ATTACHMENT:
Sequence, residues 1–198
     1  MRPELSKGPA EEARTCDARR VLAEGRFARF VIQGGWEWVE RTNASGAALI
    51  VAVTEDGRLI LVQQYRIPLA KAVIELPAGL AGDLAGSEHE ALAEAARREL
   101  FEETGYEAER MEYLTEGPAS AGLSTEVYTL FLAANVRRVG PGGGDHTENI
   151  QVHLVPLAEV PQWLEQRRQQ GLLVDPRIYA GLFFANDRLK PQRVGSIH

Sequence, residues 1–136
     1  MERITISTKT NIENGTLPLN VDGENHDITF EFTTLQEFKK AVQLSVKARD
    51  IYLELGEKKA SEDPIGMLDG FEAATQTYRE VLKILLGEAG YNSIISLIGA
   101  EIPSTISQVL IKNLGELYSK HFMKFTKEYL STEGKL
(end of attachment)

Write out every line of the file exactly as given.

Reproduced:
Sequence, residues 1–198
     1  MRPELSKGPA EEARTCDARR VLAEGRFARF VIQGGWEWVE RTNASGAALI
    51  VAVTEDGRLI LVQQYRIPLA KAVIELPAGL AGDLAGSEHE ALAEAARREL
   101  FEETGYEAER MEYLTEGPAS AGLSTEVYTL FLAANVRRVG PGGGDHTENI
   151  QVHLVPLAEV PQWLEQRRQQ GLLVDPRIYA GLFFANDRLK PQRVGSIH

Sequence, residues 1–136
     1  MERITISTKT NIENGTLPLN VDGENHDITF EFTTLQEFKK AVQLSVKARD
    51  IYLELGEKKA SEDPIGMLDG FEAATQTYRE VLKILLGEAG YNSIISLIGA
   101  EIPSTISQVL IKNLGELYSK HFMKFTKEYL STEGKL